This week's environment news hails the global conservation efforts of the CITES CoP17 conference in Johannesburg as well as a new designation for the protection of Hawaii's most threatened bees. here's you weekly news roundup:
Protecting the Helmeted Hornbill
When it comes to conservation sometimes humans can be fickle, whereby only recognising the plights of big, majestic and/or beautiful animals, such as Rhinos, Elephants and Pandas sometimes leaves other species to remain unrecognised. However a rising trade in “red ivory” has led to an influx of awareness-raising on the poaching of Helmeted Hornbills.
These birds are found across Asia in Thailand, Myanmar, Indonesia and Malaysia. Their beaks are a vivid red and have are similar malleability to rhino horn; hence trinkets carved from them fetching a high price on the Chinese black market.
In a bid to further the protection of the species it was agreed last week at the CITES CoP17 in Johannesburg that, in addition to being on Appendix I, countries to which the Hornbill is native would implement their own protective measures as well as put public education campaigns in place, ensuring their protection in the future.
Hawaiian Bees Officially Declared Endangered
Seven species of Yellow-faced Bee, native to Hawaii, have finally achieved endangered status from the US Fish and Wildlife Service under the Endangered Species Act. Yellow-faced Bees established in Hawaii long ago and became an isolated population. This allowed them to evolve and become part of the ecology of the islands, but when humans turned up with non-native farm animals and non-native plants this complex ecology was thrown out of balance.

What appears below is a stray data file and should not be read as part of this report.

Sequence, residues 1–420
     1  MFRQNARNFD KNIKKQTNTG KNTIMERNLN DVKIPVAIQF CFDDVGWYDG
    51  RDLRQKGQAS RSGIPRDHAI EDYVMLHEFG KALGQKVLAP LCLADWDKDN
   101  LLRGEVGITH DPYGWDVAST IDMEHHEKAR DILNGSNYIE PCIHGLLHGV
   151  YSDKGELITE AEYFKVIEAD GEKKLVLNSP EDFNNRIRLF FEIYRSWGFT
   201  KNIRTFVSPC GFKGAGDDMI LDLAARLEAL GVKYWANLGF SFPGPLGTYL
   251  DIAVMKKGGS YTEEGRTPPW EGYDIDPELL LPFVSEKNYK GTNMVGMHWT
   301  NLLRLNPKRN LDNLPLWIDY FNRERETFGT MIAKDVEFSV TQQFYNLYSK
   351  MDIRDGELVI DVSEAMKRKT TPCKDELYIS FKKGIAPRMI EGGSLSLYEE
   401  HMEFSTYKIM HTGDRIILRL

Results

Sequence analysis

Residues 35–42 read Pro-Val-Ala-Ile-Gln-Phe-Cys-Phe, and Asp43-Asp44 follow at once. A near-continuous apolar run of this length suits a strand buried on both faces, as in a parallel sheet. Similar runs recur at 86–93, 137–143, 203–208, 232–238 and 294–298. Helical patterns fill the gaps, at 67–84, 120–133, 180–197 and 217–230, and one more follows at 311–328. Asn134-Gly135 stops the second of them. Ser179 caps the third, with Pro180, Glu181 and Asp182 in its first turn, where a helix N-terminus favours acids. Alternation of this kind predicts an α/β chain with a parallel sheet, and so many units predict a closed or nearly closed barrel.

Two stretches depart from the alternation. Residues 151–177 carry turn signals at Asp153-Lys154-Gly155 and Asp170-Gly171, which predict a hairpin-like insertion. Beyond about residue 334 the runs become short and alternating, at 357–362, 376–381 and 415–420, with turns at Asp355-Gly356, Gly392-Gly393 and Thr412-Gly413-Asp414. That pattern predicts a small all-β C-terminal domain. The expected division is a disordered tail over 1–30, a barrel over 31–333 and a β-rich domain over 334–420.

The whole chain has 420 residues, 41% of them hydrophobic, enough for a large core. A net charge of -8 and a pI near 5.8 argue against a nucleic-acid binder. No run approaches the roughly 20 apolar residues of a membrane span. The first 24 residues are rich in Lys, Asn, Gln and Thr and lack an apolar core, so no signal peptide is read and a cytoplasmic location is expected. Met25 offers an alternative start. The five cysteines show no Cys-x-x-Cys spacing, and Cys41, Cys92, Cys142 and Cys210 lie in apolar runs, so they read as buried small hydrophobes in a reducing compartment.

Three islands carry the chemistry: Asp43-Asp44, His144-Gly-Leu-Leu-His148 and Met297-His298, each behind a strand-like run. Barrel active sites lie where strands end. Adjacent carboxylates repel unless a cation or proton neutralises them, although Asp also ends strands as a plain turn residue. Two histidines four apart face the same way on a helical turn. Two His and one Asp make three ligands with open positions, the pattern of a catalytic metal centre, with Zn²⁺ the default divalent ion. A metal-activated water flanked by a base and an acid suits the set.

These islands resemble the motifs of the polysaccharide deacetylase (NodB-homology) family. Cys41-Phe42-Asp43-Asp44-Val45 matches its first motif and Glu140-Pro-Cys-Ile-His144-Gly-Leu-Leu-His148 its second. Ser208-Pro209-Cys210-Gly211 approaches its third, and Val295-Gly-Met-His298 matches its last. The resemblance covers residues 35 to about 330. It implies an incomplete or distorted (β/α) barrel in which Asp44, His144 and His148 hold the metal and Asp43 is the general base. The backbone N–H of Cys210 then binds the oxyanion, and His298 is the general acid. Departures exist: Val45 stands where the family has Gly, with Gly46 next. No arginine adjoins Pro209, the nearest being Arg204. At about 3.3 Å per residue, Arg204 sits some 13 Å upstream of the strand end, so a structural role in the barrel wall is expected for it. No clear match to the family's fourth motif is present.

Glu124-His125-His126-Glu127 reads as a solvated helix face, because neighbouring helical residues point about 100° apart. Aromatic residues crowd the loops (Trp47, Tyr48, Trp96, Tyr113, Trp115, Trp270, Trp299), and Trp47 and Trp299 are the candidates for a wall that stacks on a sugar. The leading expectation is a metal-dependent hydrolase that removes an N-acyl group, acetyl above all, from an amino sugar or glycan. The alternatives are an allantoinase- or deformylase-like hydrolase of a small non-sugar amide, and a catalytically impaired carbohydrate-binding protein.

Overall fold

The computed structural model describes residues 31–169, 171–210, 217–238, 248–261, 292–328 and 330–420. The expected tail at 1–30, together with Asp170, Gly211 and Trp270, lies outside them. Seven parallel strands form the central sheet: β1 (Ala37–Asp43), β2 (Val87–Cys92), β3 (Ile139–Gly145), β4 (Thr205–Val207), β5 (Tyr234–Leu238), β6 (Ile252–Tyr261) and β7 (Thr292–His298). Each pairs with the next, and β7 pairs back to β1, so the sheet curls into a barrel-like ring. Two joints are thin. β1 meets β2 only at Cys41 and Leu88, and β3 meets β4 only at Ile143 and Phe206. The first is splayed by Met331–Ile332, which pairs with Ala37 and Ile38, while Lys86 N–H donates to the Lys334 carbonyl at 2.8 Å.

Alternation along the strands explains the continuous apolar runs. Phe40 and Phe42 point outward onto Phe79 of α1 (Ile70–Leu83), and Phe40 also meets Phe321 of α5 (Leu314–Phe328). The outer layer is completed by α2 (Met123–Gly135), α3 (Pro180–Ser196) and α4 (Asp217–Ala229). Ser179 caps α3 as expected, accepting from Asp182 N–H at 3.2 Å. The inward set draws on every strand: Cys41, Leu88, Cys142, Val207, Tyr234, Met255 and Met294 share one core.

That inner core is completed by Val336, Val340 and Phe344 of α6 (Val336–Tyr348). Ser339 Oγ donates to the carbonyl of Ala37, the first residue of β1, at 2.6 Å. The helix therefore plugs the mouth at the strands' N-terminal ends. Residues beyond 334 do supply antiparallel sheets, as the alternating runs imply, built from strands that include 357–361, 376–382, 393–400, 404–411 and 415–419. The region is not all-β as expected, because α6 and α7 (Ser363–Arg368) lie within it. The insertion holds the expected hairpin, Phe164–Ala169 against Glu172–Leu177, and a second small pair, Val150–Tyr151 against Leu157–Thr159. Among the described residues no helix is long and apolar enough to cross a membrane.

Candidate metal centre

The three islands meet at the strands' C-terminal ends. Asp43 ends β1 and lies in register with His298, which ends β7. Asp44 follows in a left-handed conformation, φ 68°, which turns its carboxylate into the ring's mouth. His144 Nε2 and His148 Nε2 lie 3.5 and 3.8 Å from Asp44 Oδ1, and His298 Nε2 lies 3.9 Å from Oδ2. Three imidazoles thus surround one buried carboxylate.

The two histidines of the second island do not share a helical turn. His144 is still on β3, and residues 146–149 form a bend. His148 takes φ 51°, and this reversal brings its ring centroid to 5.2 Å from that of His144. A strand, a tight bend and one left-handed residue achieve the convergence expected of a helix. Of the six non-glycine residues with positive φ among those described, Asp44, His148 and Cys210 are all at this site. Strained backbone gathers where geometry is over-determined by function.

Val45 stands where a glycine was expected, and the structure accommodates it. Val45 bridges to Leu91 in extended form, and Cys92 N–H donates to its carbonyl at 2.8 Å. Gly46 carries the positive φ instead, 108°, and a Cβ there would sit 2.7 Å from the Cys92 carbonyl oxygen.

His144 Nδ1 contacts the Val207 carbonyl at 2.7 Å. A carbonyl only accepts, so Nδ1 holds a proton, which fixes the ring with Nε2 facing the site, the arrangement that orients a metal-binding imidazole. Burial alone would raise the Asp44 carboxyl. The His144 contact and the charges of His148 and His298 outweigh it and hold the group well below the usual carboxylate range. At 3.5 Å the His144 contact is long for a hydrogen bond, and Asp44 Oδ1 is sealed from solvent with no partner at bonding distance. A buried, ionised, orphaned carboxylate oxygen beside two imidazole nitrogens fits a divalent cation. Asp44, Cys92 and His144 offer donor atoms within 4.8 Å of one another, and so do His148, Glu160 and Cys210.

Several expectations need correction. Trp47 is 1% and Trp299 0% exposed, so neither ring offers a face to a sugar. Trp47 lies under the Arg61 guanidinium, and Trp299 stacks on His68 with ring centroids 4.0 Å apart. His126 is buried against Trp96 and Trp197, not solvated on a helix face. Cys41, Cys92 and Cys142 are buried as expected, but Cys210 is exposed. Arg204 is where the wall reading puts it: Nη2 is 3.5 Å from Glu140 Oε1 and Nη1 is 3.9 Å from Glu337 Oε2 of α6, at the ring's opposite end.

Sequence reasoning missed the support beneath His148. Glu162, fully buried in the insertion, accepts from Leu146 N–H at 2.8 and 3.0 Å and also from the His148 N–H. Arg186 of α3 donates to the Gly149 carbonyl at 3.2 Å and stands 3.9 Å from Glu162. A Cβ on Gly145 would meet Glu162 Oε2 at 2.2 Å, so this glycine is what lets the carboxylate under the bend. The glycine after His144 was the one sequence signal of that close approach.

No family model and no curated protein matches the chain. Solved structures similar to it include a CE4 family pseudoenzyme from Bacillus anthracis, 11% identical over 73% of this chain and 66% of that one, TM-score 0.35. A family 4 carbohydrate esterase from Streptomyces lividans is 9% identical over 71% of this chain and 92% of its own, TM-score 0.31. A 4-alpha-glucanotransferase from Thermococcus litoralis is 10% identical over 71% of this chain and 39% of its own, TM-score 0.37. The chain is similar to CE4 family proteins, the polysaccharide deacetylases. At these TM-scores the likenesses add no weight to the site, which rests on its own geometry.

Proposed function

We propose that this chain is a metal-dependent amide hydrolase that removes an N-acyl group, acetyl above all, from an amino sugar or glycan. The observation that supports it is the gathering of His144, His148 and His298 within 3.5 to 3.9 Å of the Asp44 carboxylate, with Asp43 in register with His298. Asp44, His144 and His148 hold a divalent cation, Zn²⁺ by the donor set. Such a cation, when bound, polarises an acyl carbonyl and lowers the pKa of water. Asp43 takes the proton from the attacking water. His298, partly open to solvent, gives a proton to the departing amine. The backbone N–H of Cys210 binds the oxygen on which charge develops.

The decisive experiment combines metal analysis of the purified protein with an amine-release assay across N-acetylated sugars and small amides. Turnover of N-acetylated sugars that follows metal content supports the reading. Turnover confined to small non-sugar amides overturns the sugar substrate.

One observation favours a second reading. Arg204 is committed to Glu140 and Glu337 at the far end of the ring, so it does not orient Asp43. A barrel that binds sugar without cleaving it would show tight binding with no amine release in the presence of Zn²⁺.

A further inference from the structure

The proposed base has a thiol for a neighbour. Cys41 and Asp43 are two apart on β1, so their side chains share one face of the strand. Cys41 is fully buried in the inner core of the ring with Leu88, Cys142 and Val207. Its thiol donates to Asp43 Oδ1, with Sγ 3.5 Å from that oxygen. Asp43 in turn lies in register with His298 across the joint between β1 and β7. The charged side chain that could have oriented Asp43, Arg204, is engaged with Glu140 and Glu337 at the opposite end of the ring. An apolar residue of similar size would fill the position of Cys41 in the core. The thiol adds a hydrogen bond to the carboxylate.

Many natural foraging and nesting sites of these bees have been choked out by invasive plant species, or razed over by agricultural expansion or urbanisation. These problems have been further exacerbated by natural disasters such as cyclones and wildfires, making it difficult for the bees to recover.
The new classification will allow conservation efforts to receive funding as well as prohibit disturbance from developers. However, as with many Endangered Species legislations, only the species itself is protected and not its dependant habitat (for instance only 20% of Bornean Orangutan prime habitat is protected despite their Critically Endangered classification). But, this is a step in the right direction and hopefully future amendments will be made to implement a more rigorous protection of both the species and their habitats.
Despite these species are now set to receive added protection and conservation measures, this is a slightly bittersweet victory, as the very need to protect them this way is a testament to the problems humans are presenting them with.
More Happenings from Johannesburg
Back to Johannesburg as this year’s CoP17 made huge strides in ivory trade and wildlife crime. The CoP17 summit held its first conference on wildlife crime and, although failing to gain consensus on a total ivory ban, did result in the shutting down of many domestic markets.
183 countries signed the bill, with the US and (surprisingly) China agreeing to close down their ivory markets. However, there is cause for concern as the convention states only markets contributing to poaching and dealing in illegal ivory are to be closed. This leaves a door ajar for deception, as less ecologically compassionate countries with steadfast and lucrative markets will of course lie about their markets contributions to poaching to keep the money flowing.
And Pangolins receiving some long overdue attention as the animals were moved from Appendix II to Appendix I, meaning a total ban on the trafficking of Pangolins, safeguarding all 7 species.
By Thomas Phillips - Online Journalism Intern